Consider a phased long jump.

 The first phase in the long jump in the run, which at the initial stage of training in many children is characterized by instability of pace, lack of clarity of movements and in some cases even a lack of coherence in the work of the hands and feet. Some children perform the run slowly, often with a slowdown, with a stop in front of the repulsion line, which is unusual for the style of the jump.

Children should be taught to perform a run with a gradual increase in speed, which should reach its maximum by the time of repulsion from the bar. During the run-up, set the legs in such a way that, if possible, the heels do not touch the floor, the knees are raised forward and upwards, the feet are lowered parallel to each other. When running, the body is slightly tilted forward, arms bent at the elbows, perform movement strictly back and forth, and keep the head straight. It is necessary to achieve a free run, natural for every child

The most difficult element of the jump is the transition from the takeoff run to the push, which is crucial for the flight range. The last step in the run-up is usually somewhat shorter. The foot is put in place repulsion elastic, with the heel, followed by a very fast transition to the front of the foot. The sharper and faster this movement, the better the push.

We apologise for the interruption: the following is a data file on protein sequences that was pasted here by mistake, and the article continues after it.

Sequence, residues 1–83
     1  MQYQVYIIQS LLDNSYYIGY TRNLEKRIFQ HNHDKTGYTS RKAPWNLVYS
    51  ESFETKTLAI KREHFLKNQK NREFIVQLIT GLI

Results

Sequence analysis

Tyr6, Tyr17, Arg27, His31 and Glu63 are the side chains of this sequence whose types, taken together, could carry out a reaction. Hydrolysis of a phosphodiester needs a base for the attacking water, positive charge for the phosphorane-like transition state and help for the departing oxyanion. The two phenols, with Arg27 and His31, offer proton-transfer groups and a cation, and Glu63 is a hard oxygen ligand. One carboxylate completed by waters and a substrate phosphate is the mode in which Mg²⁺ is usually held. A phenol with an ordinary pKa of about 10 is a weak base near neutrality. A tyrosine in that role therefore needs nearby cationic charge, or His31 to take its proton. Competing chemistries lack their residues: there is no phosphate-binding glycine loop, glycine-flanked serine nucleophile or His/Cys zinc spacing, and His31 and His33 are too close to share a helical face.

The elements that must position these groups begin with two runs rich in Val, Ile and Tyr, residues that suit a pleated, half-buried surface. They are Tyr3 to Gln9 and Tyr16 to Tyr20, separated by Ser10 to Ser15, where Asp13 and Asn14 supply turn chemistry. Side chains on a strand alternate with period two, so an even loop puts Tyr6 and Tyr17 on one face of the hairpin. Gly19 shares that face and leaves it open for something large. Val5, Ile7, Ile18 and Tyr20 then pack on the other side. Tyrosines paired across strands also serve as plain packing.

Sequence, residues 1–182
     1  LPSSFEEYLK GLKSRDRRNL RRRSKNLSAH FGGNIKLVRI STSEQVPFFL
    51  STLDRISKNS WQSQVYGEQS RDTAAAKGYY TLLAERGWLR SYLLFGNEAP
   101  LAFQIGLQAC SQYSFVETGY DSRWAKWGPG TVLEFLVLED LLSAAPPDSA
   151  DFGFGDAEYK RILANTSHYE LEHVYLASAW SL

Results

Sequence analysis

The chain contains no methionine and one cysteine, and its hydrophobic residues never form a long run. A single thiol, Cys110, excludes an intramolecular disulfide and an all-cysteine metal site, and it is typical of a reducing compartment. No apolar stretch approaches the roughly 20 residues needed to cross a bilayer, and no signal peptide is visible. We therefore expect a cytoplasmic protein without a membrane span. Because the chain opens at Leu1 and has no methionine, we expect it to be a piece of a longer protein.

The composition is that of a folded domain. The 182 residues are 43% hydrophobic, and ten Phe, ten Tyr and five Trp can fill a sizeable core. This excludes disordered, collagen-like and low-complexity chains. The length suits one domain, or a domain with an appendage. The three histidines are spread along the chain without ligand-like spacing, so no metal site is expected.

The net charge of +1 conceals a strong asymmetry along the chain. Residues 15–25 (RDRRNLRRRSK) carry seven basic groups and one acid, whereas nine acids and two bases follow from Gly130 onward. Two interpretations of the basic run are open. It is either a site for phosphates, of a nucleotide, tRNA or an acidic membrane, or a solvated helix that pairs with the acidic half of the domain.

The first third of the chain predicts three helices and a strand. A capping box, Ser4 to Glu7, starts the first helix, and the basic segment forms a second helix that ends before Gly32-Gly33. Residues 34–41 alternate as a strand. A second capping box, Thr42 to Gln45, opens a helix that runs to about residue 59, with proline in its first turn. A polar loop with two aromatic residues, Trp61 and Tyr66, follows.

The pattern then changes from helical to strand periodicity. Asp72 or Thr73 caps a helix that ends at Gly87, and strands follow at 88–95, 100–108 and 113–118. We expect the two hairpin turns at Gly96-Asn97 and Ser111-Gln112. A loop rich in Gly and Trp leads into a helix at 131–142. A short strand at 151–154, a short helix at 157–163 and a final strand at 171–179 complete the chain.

The push is carried out not only by the strength of the muscles of the jogging leg, but also due to its sharp extension in the knee, hip and ankle joints, as well as the rapid movement of the maxillary leg bent at the knee forward-up, and active handwork. which simultaneously with the repulsion are sharply thrown forward and upward. The effects of the flight of the legs and arms are of utmost importance for increasing the power of the thrust and contribute to an active, energetic repulsion.

At the end of the repulsion, the flight phase begins, and then the landing phase, as a result of which what is acquired in the take-off run takes place. After pushing away, the jog leg is vigorously pulled up to the flywheel, the arms bent at the elbows are thrown forward and up to the level of the shoulders, and then drop down and back. In-flight, the child is in the grouping position, the arms are at the back, and the body is tilted forward, the head is straight, the child is looking forward. Tilting the torso too far forward usually leads to an earlier lowering of the feet and a premature touch of the landing site. The most advantageous is the group, in which the child is in a sitting position.